The flight path prediction 632 receives and collects the optimal navigation solution from the navigation solution module 62, the vehicle performance and configuration data from the onboard Flight Control and management system 90, and the terrain information from the imaging sensor module, and predicts the projected flight path to a warning decision 633. In addition, the flight path prediction 632 passes the current vehicle position, velocity, and altitude to the warning decision 633.

The warning decision 633 receives the projected flight path from the flight path prediction 632, the terrain information from the imaging sensor module, the vehicle performance and configuration data from the onboard Flight Control and management system 90, such as glide slope, landing gear, etc., and the surrounding terrain data from the terrain database 50. If the projected flight path is too close to the terrain, the warning decision 633 makes a warning decision message which is sent to a flight path plan aiding 634, a synthetic vision processing 635 and a voice processing 636. In addition, the warning decision 633 passes the current vehicle position, velocity, and altitude to the flight path plan aiding 634.

The flight path plan aiding 634 receives the warning decision message and the current vehicle position, velocity, and altitude information from the warning decision 633, the surrounding terrain data from the terrain database 50, and the vehicle performance and configuration data from the onboard Flight Control and management system 90, and processes these data, and provides an optimal evasion flight path to aid the flight crew.

The synthetic vision processing 635 receives the projected flight path and warning decision message from the warning decision 633, the surrounding terrain data from the terrain database 50, and the suggested optimal evasion flight path from the flight path plan aiding 634, and provides the driving data to the synthetic vision system 70.

The voice processing 636 receives the projected flight path and warning decision message from the warning decision 633, the surrounding terrain data from the terrain database 50, and the suggested optimal evasion flight path from the flight path plan aiding 634, and provides the driving data to the voice device 80.

4 Real-Time Implementation of the Integrated System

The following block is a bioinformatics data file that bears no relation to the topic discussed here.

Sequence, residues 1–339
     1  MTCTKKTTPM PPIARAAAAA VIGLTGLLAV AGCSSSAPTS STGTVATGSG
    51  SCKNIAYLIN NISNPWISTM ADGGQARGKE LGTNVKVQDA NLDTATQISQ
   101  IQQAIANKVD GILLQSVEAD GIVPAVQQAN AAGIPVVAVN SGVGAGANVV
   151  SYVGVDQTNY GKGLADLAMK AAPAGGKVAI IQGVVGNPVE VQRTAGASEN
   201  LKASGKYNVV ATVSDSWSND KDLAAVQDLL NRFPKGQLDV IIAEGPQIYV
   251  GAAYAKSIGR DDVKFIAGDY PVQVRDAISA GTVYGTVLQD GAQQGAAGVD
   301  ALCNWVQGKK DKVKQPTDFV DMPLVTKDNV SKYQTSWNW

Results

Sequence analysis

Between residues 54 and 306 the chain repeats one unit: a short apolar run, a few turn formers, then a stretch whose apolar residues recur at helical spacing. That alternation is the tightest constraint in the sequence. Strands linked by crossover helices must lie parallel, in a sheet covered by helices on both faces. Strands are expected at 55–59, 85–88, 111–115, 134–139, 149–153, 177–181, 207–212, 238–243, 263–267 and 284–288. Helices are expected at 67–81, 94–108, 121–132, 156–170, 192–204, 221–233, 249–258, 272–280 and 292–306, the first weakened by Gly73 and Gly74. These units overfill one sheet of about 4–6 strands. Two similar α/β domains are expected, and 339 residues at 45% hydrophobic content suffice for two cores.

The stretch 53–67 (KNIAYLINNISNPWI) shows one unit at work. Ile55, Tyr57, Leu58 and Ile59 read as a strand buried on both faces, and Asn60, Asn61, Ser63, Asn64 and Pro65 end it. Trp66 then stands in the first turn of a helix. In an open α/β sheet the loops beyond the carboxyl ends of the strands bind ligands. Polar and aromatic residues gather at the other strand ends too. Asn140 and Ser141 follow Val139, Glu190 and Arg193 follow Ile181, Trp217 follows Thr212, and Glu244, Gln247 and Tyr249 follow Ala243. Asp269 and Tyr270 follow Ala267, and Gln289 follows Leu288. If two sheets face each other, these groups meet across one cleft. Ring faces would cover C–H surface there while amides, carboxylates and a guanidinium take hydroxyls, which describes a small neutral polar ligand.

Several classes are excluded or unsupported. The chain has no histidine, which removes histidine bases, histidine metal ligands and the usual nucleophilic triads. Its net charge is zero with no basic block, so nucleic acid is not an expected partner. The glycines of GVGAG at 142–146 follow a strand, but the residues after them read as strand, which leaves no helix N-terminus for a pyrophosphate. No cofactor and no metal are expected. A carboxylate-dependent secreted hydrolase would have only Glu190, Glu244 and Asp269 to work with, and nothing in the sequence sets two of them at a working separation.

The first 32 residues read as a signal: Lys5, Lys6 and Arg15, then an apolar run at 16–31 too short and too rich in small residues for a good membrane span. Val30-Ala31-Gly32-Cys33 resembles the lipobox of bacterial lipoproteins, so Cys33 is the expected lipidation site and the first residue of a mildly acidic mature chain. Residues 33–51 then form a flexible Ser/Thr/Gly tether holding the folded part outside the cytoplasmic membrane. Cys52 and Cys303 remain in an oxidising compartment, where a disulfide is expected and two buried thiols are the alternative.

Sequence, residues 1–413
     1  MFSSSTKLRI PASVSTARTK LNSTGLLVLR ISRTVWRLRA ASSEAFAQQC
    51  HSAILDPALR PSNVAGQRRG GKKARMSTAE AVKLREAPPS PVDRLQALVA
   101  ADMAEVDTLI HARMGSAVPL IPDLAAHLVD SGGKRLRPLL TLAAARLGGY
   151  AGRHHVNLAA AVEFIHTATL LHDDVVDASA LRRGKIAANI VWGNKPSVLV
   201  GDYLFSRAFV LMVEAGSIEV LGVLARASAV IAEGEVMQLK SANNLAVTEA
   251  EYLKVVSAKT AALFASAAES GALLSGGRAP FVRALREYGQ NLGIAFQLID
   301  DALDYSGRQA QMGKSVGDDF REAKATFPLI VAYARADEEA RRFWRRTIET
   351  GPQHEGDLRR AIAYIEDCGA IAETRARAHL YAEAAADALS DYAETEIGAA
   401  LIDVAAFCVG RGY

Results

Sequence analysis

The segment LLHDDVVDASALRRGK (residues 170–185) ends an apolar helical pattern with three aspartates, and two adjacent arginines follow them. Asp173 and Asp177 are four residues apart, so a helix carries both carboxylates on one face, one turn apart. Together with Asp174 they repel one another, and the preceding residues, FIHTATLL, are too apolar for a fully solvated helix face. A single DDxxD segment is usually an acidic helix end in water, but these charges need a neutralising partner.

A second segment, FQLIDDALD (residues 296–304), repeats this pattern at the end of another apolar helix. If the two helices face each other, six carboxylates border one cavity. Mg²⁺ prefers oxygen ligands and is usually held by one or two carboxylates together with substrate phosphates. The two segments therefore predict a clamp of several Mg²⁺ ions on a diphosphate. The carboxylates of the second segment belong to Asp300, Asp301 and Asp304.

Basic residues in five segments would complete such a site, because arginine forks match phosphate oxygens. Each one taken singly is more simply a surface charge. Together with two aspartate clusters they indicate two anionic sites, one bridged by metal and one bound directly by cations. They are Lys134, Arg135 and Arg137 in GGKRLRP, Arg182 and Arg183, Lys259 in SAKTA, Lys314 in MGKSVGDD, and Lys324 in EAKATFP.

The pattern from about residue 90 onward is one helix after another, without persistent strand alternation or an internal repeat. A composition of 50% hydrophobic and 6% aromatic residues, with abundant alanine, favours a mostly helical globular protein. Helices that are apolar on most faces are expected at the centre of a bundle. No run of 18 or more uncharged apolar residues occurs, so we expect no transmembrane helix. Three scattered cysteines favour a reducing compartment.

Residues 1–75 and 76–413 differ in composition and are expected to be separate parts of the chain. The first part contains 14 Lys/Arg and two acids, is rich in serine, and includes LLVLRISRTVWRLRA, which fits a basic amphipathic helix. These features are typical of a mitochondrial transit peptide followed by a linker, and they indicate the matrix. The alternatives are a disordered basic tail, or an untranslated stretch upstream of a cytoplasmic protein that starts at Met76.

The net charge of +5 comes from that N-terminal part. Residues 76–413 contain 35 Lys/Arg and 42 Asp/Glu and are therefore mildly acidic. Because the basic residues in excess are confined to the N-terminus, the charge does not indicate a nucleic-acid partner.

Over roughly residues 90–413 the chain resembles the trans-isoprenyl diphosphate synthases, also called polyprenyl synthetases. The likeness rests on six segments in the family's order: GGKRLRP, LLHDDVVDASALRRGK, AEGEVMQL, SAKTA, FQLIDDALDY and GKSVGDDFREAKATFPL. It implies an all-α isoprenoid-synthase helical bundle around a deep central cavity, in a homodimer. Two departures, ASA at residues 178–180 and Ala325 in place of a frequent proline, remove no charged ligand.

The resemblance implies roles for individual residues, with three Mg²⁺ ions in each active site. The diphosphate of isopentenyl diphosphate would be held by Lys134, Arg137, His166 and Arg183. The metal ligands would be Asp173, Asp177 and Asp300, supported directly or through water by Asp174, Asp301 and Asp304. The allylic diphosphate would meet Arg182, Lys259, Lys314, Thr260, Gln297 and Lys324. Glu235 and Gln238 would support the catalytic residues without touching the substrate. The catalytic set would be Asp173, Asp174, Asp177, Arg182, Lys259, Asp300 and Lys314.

The hardware/software system design for the real-time implementation of the Integrated System is presented here. As shown in FIG. 9, the main components of hardware and software include:

  • Hardware: Sensors 1010 (the AGNC coremicro AHRS/INS/GPS Integration Unit 1011, altimeter 1012, stereo camera 1013), Fame grabber 1020, FPGA 1030, High-end DSP board 1040.
  • Software: Terrain and obstacle recognition 2010, Stereo camera based ranging/tracking 2020, 3D terrain and 2D image feature matching 2030, positioning 2040, Midair obstacle tracking 2050, terrain collision warning 2060, midair collision warning 2070.

For the vision based Integrated System, part of components have very high computation load, such as, matching of 3D terrain features and 2D image features, image preprocessing. We divide the software components into two parts: low-computation-load and high-computation-load:

  • High-Computation-Load: terrain and obstacle recognition, stereo camera based ranging/tracking, 3D terrain and 2D image feature matching (including image preprocessing, edge detection, feature matching, etc)
  • Low-Computation-Load: positioning, midair obstacle tracking, terrain collision warning, midair obstacle collision warning.

One skilled in the art will understand that the embodiment of the present invention as shown in the drawings and described above is exemplary only and not intended to be limiting.

It will thus be seen that the objects of the present invention have been fully and effectively accomplished. The embodiments have been shown and described for the purposes of illustrating the functional and structural principles of the present invention and is subject to change without departure from such principles. Therefore, this invention includes all modifications encompassed within the spirit and scope of the following claims.